By Tim Weber
Business editor, BBC News website
I'm always pleased when I see healthy page views for our business stories - but there are exceptions.
Take this story: "MSN 'to charge user fee'" says the headline, and for a few weeks it has steadily moved up the ranks of our daily statistics. On Sunday it was the most-read business story, and on Monday and Tuesday it featured in the top five.
The hitch: It was written five years ago - on 25 February 2001.
Back then we reported comments made by a Microsoft executive, who said the company was considering introducing fees for its free Hotmail service.
It was one year after the dotcom crash and everybody, even mighty Microsoft, was pondering how to make some money on the internet.
So why is this old story so popular?
Forward first, ask questions later
Well, a chain e-mail is making the rounds: Microsoft will soon charge all Hotmail account holders, it claims, and backs up the assertion with a link to our story.
The Hotmail log-on page then...
Readers alerted me to the e-mail two weeks ago, even before I noticed the story in our rankings.
Some wanted confirmation whether the story was true. Others assumed that our servers had been hacked and demanded we should improve security.
Unfortunately many people failed to spot clear signs that this was an old story.
... and MSN's Hotmail page now.
For starters, all our news stories have a timestamp - between the red BBC banner and the story headline.
And there are two more obvious give-aways:
- Our website looks quite different today, because it had two redesigns since the MSN story was published. We use a different navigation, colour scheme and it is also a third wider, because most people have larger computer screens
Then there is Hotmail itself. Our old story features a little screen shot of the hotmail front page - five years ago. Hotmail users might notice that their log-in screen looks quite different these days
But as with all things spam and scam, some people forward first and ask questions later.
Breaking the chain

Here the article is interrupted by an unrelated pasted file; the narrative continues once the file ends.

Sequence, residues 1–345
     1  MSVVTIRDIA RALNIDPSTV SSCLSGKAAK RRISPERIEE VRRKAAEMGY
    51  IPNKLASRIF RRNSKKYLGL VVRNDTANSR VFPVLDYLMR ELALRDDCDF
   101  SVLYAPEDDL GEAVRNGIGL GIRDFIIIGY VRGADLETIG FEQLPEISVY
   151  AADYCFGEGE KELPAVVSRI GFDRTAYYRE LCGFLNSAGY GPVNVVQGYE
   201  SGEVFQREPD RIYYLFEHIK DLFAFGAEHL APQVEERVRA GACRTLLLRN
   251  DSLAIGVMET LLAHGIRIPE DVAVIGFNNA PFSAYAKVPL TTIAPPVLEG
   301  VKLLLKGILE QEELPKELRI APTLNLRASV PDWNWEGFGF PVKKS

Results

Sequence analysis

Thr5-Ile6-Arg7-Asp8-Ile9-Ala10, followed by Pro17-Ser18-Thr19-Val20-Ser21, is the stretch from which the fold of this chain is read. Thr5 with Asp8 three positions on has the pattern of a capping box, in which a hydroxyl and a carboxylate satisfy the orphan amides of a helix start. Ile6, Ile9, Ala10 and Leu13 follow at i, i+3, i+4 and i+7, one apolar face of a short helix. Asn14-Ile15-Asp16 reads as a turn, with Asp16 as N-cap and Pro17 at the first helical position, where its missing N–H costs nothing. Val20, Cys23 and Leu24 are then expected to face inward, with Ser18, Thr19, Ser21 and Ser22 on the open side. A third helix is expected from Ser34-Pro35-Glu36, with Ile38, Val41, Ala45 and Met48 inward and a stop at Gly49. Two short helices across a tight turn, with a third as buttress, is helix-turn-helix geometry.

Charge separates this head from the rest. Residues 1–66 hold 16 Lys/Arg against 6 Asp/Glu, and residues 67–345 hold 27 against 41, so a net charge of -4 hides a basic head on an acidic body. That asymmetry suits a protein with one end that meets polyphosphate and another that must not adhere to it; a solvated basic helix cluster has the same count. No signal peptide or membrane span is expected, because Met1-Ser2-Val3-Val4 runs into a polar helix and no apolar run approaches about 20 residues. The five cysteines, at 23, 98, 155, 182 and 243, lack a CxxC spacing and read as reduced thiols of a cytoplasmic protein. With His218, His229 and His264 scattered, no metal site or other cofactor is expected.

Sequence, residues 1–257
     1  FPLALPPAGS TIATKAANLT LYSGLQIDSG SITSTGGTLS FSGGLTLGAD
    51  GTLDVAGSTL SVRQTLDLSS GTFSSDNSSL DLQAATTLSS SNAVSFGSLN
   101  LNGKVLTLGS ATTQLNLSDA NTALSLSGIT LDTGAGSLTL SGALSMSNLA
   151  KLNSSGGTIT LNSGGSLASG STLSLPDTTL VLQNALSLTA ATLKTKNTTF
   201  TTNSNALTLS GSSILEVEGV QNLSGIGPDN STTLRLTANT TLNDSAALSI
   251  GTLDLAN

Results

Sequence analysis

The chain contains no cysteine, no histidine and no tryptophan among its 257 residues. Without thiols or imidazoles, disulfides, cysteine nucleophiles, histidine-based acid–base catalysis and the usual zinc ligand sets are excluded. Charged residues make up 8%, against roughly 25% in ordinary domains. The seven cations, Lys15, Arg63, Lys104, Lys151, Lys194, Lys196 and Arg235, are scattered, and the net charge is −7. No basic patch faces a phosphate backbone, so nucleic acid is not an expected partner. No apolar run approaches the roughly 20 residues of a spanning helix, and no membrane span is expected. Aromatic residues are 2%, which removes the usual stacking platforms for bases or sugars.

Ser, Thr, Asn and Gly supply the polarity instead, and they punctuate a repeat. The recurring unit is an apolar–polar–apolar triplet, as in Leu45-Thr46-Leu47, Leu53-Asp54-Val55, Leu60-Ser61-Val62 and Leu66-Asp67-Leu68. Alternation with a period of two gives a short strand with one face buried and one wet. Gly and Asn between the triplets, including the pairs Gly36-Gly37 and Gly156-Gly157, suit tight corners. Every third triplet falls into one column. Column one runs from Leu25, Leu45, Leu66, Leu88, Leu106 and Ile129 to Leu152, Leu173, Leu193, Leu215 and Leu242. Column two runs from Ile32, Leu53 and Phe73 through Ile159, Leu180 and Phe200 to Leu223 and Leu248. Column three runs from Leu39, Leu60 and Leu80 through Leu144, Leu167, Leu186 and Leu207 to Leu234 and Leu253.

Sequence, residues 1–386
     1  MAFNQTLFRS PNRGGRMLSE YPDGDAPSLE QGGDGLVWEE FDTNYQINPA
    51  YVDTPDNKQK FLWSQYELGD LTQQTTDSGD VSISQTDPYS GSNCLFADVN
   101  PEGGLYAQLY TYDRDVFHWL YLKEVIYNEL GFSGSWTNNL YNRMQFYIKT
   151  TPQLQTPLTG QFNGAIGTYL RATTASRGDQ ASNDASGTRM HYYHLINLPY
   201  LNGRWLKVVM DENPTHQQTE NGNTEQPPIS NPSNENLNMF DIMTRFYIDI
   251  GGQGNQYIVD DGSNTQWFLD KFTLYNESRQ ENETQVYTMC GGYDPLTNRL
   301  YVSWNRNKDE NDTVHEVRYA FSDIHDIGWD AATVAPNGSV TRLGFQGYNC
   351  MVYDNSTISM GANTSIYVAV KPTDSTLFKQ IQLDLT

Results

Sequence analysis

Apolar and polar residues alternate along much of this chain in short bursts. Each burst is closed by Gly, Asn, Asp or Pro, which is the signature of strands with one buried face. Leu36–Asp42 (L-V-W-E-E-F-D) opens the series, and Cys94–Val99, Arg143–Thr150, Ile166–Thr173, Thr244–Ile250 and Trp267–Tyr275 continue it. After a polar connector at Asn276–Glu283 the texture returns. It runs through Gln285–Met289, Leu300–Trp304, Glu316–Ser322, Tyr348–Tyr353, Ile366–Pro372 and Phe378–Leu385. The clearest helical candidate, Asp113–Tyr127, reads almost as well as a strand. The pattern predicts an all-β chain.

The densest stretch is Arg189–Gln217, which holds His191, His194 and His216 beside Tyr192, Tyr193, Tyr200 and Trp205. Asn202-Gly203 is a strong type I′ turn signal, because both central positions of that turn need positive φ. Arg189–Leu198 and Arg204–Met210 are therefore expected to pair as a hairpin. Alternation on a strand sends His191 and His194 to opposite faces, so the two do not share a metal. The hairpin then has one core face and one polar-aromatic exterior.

Several readers have suggested I should take down the old story, make it disappear from our servers.
Others say I should add a big disclaimer to the story, to alert people there is a scam making the rounds pointing to this story.
I don't believe either approach will work.
It is not unusual for pranksters and scammers to back up their sting with links to well-known websites.
I regularly get scam e-mail from alleged bankers or relatives of deposed dictators, asking me for help to squirrel away some money. The claim is usually backed up with a link to a CNN or BBC story about the firm or dictator.
At any given time there are thousands such scams, and if we were to take down every story the scammers link to, our archive would soon have plenty of bald patches.
Some people might actually start circulating scams just to persuade us to delete a story they don't like.
And given the sheer volume of these e-mails, it would be impossible for us to keep track and add disclaimers to every story that's abused that way.
All we can do is keep warning people about online fraud. Check the source. Verify wild claims on urban legend websites like Snopes or the Stella Awards.
Or simply copy a snippet of text from the questionable e-mail into any search engine. Very quickly you will find online references that prove that it's a scam.
It may hurt our page views a little. But I'm more than happy to take the hit.